Focke-Wulf Fw 190 F-8
Eduard, 1/48 scale
u m m a r y
||Eduard Kit No. 84111 – Fw 190 F-8 Weekend Edition
|Contents and Media:
||251 olive coloured plastic parts; 11 clear plastic parts; 1 decal sheet containing markings for 1 aircraft; 1 decal sheet containing sufficient stencils for at least 1, possibly 2 aircraft
||USD$29.95 plus shipping available online from Eduard's website
and specialist hobby retailers worldwide
Very high quality kit; low price compared to Eduard’s standard boxing of the same kit
An excellent budget release of a great kit – although given its complexity, I am not sure that I would to try to build one in a weekend!
Reviewed by Brad Fallen
Eduard's 1/48 scale Fw 190 F-8 "Weekend Edition"
is available online from Squadron.com
The Focke-Wulf Fw 190 F-8 was one of the most important aircraft in German service in the final year of World War Two.
As the main ground attack version of the Focke-Wulf Fw 190 series, the F-8 could deliver a wide range of ordnance while still holding its own as a fighter – a key asset in the context of the Luftwaffe’s shrinking resources.
The increasingly chaotic logistic and military situation also ensured that F-8s were finished in a very wide variety of camouflage schemes and unit markings. This feature, together with the Fw 190 F-8’s historical significance and general aesthetic appeal, makes it a superb modeling subject.
Eduard’s 1/48 scale Fw 190 F-8 kit was first released back in 2008, and reviewed by Brett here.
This latest version of the kit follows Eduard’s usual Weekend Edition practice, containing all of the plastic parts, but none of the photo-etch, canopy masks or multiple decal options of the standard release. The trade-off for the loss of these items is a significantly reduced price – approximately half that of the original kit. And you still get a lot of plastic for your money – eight tightly packed sprues, some of which are common to all of Eduard’s radial-engined Fw 190 kits, and some of which are unique to the F-8. The latter includes an extremely well stocked weapons sprue, which will allow modelers to fit out their kit with just about any possible combination of ordnance that was carried by the F-8.
The quality of the plastic is very high. Details are finely engraved or, where appropriate, raised. There is no flash on the larger parts, and only a little on some of the smaller parts on the common Fw 190 sprues, which would only take a moment to clean up. Parts detail, including in the cockpit, is sufficiently good that with careful painting, the absence of photo etch should not be a problem. The only items missing from the cockpit that I would regard as essential are seat harnesses, which are cheap and easy to source. I did notice a larger than usual amount of what seems to be mould release agent on many of the parts, so I would recommend giving all of the sprues a thorough scrubbing in warm soapy water before beginning construction.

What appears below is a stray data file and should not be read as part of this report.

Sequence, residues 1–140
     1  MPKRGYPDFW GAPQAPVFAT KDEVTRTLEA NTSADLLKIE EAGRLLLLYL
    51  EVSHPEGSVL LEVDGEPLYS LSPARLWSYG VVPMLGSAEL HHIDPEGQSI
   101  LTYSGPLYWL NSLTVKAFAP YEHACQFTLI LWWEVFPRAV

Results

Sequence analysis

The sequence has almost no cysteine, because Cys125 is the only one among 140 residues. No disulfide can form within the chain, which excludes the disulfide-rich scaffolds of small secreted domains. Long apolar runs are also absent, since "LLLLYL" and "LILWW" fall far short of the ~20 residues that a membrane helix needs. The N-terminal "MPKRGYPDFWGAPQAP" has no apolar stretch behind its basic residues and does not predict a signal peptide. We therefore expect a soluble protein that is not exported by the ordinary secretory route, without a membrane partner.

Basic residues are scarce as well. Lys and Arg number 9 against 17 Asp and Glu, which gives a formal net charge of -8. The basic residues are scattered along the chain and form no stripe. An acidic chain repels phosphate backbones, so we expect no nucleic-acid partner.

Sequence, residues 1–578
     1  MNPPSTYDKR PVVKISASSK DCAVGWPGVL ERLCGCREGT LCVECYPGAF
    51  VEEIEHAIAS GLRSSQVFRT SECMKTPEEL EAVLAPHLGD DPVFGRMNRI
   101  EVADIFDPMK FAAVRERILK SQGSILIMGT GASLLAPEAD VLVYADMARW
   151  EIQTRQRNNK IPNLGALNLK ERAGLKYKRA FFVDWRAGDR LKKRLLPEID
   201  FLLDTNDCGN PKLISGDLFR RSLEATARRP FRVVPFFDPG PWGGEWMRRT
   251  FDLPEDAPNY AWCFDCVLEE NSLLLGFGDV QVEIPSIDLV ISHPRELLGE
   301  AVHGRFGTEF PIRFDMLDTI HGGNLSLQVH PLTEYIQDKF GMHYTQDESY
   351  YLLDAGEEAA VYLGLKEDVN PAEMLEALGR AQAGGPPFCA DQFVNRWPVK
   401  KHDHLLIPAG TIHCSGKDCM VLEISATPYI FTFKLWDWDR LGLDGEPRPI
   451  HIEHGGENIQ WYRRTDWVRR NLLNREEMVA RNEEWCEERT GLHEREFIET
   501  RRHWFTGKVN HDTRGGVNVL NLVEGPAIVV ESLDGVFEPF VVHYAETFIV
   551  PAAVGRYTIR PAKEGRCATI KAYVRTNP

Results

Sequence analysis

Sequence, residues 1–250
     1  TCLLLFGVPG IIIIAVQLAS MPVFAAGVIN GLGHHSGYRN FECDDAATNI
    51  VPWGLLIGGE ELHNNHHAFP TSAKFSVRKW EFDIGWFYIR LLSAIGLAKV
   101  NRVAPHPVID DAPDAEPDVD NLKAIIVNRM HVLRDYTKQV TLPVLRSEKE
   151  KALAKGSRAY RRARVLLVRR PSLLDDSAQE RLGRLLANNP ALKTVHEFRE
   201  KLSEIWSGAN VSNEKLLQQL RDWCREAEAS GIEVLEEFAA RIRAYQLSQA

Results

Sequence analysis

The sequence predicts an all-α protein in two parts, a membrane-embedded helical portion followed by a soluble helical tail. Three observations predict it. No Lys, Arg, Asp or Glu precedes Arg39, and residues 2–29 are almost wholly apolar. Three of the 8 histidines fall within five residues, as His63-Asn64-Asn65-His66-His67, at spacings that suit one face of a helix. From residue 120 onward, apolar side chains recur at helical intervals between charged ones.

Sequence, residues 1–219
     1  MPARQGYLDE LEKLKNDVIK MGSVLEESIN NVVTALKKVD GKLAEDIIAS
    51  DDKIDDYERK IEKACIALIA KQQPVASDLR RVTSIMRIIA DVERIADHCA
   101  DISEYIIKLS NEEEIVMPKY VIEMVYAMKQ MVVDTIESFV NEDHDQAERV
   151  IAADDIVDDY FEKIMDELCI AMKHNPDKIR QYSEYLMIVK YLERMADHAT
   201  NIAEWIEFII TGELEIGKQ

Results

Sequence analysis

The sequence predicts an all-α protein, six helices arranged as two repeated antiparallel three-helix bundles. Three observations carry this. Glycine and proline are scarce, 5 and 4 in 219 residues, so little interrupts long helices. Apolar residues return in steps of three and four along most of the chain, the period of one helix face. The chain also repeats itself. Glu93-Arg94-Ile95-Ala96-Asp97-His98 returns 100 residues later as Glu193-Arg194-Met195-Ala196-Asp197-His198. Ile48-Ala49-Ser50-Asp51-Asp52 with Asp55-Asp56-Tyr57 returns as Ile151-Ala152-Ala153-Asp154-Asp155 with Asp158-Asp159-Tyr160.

As standard for Weekend Edition releases, the 12-page A4 instruction leaflet is printed in black and white only. The instructions are clearly set out and appear to be comprehensive. In the nearly six years since the series was launched, Eduard’s Fw 190 A and F kits have developed a reputation for delivering accurate, good-looking models that can be somewhat tricky to build. From what I have read on Hyperscale and elsewhere, most difficulties can be avoided by frequent test fitting and not rushing construction; I would also do some research on how other modelers had tackled their builds. In this context, the F-8 kit being reviewed here is anything but a ‘weekend’ build, because attempting to finish a kit as complex and tightly engineered as this one in just two days would be tempting fate, to say the least! See Brett’s original review of the Fw 190 A-8 kit from 2006 for some tips from Eduard on how not to go wrong with your Fw 190 kit.
The single decal option provided is for a colourful and well-documented machine, “Yellow 14”/W.Nr.584592, which probably belonged to either SG 2 or SG 10 and which was either surrendered or abandoned at Neubiberg, Germany in May 1945.
A comparison between black and white photographs of “Yellow 14” on a scrap heap at Neubiberg in late 1945, and Eduard’s painting and marking guide suggests that the latter is a very reasonable interpretation of the aircraft’s camouflage scheme. “Yellow 14” is a popular Fw 190 F-8 with modelers, with Ian Robertson having built a gorgeous example here on Hyperscale from the 1/32 Hasegawa kit.
The kit decals look very good on the sheet, with the printing significantly crisper than other examples of Eduard’s in-house decals that I have seen. A full set of stencils is also provided.
This is another great Weekend Edition release from Eduard, aimed at modelers who want a budget priced, state-of-the-art 1/48 scale Fw 190 F-8. Even without the photo etch and other extras of the standard edition, this kit is highly detailed and will not be a pushover to build. However, modelers who take their time will be rewarded with an excellent model of this important late war German aircraft. Highly recommended.
Thanks to Eduard for the sample
Review Text and Images Copyright © 2012 by Brad Fallen
Page Created 12 January, 2012
12 January, 2012
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